78Practice QuestionsWhich regulatory mechanisms occur at the DNA-level, which occur at the protein-level?How do acetylation, methylation, repressors, activators, and siRNA control gene expression? What role do inducers play?What is an enhancer and how does it help control how much of a particular protein is made?How do allosteric inhibition and competitive inhibition differ in the ways they accomplish feedback inhibition?What are the three phases of the cell cycle? What occurs at each phase?What are the four phases of mitosis? What occurs at each phase?What are cell cycle checkpoints? Why are they important?What is apoptosis? What role does it play in the cell cycle?What is the difference between chromatin and chromosomes?What is the role of the centromere? (What would happen without it?)
79Practice QuestionsWhat is the difference between a chromatid and a chromosome?What events must happen in order for two sister chromatids to separate from one another and move to opposite sides of the cell? (What happens at the centromere? What happens to the centromere? What is the role of the mitotic spindle?)What would happen if two sister chromatids moved to the same side of the cell?What happens to the mitotic spindle after mitosis?What are gametes? Where are they made in the body? How are they made?What are the eight phases of meiosis? What occurs during each phase? How does meiosis differ from mitosis?How do crossing over and random assortment “mix up” genes so that children are genetically different from their parents?Why are insertion and deletion mutations usually more harmful than substitution mutations?
80Practice QuestionsHow does nondisjunction affect the genes present in an organism? Specifically, why does it cause deformities?What “super powers” must a cell acquire to become cancerous? How does it acquire these powers?Compare and contrast oncogenes and tumor suppressor genes. What are they? How are they similar? How are they different?Why is cancer primarily a disease of old age?How do mutations cause genetic variation? Is this good or bad for the organism?How do genetic diseases caused by point mutations differ from those caused by chromosomal mutations like nondisjunction?What causes spontaneous mutations? What causes induced mutations?How accurate is DNA replication? (That is, how often do point mutations occur?)What type of mutation is shown here? AGTGCCGTCAC TCACGGCCAGTG
81Practice Questions Why is DNA synthesis said to be “semiconservative”? What role do DNA polymerase, DNA primase (a type of RNA polymerase), helicase, topoisomerase, RNase H, and ligase play in DNA replication?What is the difference between how the leading strand and lagging strand are copied during DNA replication? Why do they have to be synthesized differently in this fashion?What would happen if insufficient RNase H were produced by a cell? What if insufficient ligase were produced by a cell?What are four key differences between DNA polymerase and RNA polymerase? (“they are difference molecules” doesn’t count as one!)Compare and contrast codons and anticodons?What is alternative splicing? Why is it necessary in eukaryotes?During translation, what amino acid sequence would the following mRNA segment be converted into: AUGGACAUUGAACCG?How come there are only 20 amino acids when there are 64 different codons?How come prokaryotes can both transcribe and translate a gene at the same time, but eukaryotes cannot?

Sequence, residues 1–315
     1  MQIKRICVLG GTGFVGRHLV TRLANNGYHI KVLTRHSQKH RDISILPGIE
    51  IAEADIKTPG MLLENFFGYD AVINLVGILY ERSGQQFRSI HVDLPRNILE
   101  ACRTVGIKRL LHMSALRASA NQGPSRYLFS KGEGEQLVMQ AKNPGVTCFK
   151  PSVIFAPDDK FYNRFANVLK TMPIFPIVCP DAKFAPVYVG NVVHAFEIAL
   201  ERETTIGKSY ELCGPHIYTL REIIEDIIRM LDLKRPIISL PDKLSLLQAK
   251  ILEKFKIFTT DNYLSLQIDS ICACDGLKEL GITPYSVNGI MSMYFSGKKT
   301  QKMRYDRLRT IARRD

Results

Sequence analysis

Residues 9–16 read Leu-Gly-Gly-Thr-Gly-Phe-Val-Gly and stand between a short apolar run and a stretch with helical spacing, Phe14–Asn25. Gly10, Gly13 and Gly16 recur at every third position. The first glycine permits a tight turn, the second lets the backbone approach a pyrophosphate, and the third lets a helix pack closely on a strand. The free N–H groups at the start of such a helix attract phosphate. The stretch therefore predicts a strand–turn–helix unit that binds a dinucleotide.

82Sources of Genetic Diversity During Interphase (DNA Replication)Mutations – create new allelesDuring MeiosisRandom Assortment (Independent Alignment) – mixes up chromosomes inherited from mother and fatherCrossing Over – mixes up genes that occur on the same chromosome(“Linked genes” occur adjacent or very close to one another on the same chromosome and so are almost always inherited together)During SexFertilization – mixes up genes from two different partners
83New Mutations (“De Novo”) Genetic DisordersInherited(from mom or dad or both)New Mutations (“De Novo”)(new point mutations or chromosomal)Complete DominanceIncomplete DominanceCodominanceSex-LinkedPolygenic TraitsmeiosisGametes(egg / sperm)Tay Sachs (one wrong letter)
84Variations in Heritability Qualitative Traitscontrolled by a single geneClearly have a defined phenotypeEx: attached ears or lobed earsControlled by multiple genes (polygenic)Influenced by the environmentShows a gradation of phenotypesEx: height
85Polymerase Chain Reaction (PCR) Method used to copy DNAStrands are “melted” apart using heatPrimers and nucleotides (NTP’s) are added and the mix is gradually cooledResults in formation of complementary strandsCycle is repeated, doubling number of DNA strands each time
86Phenotypic Expression Varies Complete DominanceCodominanceIncomplete DominanceSex-LinkedPolygenic TraitsControlled by more than one geneMost common type of expression